“I look back at the time before I had to interact with the law, with a lot of romance,” a shopkeeper confided about the challenges of starting a small business in India. Sharing chai at his small café in the Delhi suburbs, we listened to his stories of grappling with cumbersome bureaucracy, an ineffective court system, and contradictory regulations. His tale about how he secured the space for the business where we sat—involving an alcoholic landlord, archaic land ordinances, and an array of cartoonish, corrupt local officials—was a fact pattern worthy of any devious law school professor’s property exam. The entrepreneur’s description made it clear that navigating the conflicting, overlapping, shifting jurisdictional maze of government regulations required every small business owner in India to possess the legal savvy of a seasoned lawyer.
The café owner’s stories brought to life the issues we studied over winter quarter in SLS’ Global Poverty and the Law course, taught by Professor Erik Jensen and Dinsha Mistree, PhD. The class examined a broad spectrum of issues related to poverty and the rule of law, including property rights, corruption, and cash transfer programs. The India trip was the course’s capstone field study, showing how the concepts we examined in the classroom applied to ongoing real-world efforts to fight poverty.
“Any examination of another country’s poverty reduction efforts raises questions about how our efforts are going back home.”
—Tom Westphal, JD/MA ’20
India occupies a unique position in the world. With an incredibly diverse population of close to 1.3 billion, India proudly lays claim to being the world’s largest democracy. Since gaining independence from the United Kingdom in 1947, India established dynamic political institutions, a widely respected constitution, and a federal parliamentary system of government. In its 2019 parliamentary elections, an astounding 900 million people were eligible to vote—making it likely the largest election in world history.
But India’s government now faces mounting challenges. Though its economy has improved dramatically in the past two decades, its historically feeble growth has failed to deliver employment opportunities to much of the country. India lags behind in life expectancy, nutrition, literacy, gender parity, and sanitation. Pervasive corruption has further stymied development and mired successive governments in scandal. Its population is rapidly urbanizing, straining municipal infrastructure. Recent political movements seek to exploit ethnic and religious divisions. Conflict over the disputed territory of Kashmir continues to fester. As a major producer of greenhouse gases, some observers think the fight against climate change will be won or lost in India. And India’s continued failure to match China’s successes in lifting its population out of poverty raises the question: Is the world’s largest democracy up to the challenge?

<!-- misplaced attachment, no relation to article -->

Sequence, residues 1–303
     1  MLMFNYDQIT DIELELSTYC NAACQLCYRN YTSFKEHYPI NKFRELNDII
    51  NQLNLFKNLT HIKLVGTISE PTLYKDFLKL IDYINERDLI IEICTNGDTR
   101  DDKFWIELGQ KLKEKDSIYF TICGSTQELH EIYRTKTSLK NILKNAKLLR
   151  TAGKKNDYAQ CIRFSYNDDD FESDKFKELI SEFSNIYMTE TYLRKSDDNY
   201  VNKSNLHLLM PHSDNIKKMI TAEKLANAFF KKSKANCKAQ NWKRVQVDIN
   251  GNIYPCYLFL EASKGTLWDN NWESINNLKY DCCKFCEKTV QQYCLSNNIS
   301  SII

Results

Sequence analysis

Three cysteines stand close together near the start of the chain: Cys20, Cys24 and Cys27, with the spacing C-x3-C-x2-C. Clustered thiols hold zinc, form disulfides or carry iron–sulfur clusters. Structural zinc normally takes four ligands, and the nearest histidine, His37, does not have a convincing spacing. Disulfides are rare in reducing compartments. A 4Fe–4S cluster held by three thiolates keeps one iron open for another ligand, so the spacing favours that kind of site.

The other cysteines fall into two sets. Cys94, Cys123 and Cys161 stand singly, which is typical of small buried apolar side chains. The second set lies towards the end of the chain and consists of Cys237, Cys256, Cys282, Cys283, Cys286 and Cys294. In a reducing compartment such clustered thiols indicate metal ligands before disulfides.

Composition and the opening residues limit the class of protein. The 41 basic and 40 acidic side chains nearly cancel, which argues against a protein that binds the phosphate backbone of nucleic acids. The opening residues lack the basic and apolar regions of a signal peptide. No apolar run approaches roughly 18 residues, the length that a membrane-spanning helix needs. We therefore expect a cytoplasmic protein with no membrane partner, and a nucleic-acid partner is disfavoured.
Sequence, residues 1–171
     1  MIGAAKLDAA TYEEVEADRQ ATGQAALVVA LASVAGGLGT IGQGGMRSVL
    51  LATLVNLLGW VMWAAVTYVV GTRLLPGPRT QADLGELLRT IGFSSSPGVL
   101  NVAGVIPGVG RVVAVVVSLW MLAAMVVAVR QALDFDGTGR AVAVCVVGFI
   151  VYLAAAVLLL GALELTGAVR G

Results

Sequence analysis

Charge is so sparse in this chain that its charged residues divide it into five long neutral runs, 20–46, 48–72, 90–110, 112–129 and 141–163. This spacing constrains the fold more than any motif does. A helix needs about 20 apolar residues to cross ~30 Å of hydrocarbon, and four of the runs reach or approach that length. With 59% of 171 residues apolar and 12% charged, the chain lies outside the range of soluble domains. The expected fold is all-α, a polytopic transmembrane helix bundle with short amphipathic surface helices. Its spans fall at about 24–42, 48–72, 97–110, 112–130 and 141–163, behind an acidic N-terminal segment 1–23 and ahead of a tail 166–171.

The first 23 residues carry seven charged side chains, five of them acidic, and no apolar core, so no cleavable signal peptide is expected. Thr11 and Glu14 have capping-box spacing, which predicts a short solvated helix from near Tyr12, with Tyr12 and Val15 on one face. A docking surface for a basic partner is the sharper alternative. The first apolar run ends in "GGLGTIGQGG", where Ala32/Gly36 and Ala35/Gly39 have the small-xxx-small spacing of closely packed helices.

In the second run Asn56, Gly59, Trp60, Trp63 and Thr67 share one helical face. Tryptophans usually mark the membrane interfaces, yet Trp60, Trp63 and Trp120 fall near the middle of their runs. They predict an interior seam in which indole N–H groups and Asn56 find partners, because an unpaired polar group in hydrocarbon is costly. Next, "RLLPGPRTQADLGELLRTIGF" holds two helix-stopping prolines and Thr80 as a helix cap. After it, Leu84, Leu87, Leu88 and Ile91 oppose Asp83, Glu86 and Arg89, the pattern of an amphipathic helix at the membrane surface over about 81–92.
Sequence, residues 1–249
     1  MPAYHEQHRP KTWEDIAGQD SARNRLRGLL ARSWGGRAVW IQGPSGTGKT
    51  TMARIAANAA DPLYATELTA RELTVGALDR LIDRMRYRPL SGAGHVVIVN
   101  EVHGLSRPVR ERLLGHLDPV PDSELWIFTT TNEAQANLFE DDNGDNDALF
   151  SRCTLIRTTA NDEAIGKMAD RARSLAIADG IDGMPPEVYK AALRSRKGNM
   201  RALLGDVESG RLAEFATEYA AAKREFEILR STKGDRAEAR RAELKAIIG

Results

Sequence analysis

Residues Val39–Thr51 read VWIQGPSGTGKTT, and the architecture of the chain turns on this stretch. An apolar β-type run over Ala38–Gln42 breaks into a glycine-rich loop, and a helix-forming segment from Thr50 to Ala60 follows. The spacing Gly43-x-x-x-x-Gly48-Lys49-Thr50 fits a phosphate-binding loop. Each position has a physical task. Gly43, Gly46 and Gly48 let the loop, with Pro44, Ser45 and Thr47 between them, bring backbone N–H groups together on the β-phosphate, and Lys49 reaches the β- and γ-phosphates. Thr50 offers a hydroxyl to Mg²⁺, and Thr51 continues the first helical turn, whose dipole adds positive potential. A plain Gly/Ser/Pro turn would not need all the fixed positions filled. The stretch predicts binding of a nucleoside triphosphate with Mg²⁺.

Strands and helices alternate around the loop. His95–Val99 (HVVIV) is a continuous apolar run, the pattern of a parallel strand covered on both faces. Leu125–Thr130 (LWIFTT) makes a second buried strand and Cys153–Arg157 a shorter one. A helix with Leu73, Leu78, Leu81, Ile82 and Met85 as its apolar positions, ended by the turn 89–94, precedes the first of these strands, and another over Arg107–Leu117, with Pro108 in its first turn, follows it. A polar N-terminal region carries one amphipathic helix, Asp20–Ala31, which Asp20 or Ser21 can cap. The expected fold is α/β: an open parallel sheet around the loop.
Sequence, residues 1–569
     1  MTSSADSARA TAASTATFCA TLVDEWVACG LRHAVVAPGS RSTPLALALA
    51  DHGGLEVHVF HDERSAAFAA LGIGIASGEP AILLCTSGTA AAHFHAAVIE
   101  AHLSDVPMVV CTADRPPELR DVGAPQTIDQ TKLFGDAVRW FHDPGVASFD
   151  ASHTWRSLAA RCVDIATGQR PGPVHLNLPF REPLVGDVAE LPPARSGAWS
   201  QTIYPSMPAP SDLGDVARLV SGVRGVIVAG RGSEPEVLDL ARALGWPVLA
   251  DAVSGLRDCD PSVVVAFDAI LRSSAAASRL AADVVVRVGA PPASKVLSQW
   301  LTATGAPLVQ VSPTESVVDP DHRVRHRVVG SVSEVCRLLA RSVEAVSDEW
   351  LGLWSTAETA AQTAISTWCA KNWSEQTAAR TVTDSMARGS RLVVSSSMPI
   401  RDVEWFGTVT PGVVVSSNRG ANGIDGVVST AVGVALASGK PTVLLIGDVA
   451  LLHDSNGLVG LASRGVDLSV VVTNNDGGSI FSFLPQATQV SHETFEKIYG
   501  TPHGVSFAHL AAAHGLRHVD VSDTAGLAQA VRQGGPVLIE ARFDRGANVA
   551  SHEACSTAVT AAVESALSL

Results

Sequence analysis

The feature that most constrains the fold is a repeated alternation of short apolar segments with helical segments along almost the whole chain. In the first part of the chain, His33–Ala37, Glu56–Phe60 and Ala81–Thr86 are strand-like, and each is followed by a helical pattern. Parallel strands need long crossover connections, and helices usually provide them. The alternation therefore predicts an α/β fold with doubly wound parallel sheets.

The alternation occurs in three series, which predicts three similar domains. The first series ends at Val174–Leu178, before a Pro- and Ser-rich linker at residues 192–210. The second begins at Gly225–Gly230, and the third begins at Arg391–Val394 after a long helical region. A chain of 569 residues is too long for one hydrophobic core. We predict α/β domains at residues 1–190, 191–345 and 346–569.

In meetings with government officials, including senior bureaucrats, lawyers, judges, politicians, and two Indian Supreme Court justices, our class explored how the Indian government hoped to address these problems. In other conversations with journalists, academics, political activists, small business owners, and officials from nongovernmental organizations, we heard more about the scale of the challenges, how some past government programs were defeated by the conflicting incentives within large bureaucracies, the jurisdictional challenges of federalism, and other problems of implementation. Approaching issues of poverty, corruption, and the law through so many different lenses and perspectives provided both a broad overview and specific insights into ongoing efforts to improve the lives of India’s poorest populations.
Spending a week in India gave us an admittedly limited view into a vast and complex country. But the picture that emerges is of an important country committed to grappling with large challenges through vibrant public debate and the democratic process. Our trip provided a valuable window into how the country is struggling with sharing the rewards of economic growth with all 1.3 billion Indian citizens. Additionally, any examination of another country’s poverty reduction efforts raises questions about how our efforts are going back home. Though the scale of the problem may be different, it’s clear that U.S. federal and state efforts to reduce poverty and homelessness are failing many of our most vulnerable citizens. And some Indian poverty reduction efforts, like cash transfer programs for the poorest of the poor, may hold lessons for similar programs in America.
The students and instructors from the Global Poverty and the Law class want to extend our sincere thanks to all the people we met with over the trip—we were constantly floored by the incredible hospitality and kindness we received.
Tom Westphal is a JD/MA candidate in the International Policy Studies program, with interests in comparative election law, election administration, and legislative process. This summer, he will be interning with the Department of Justice’s Voting Rights section in Washington, D.C.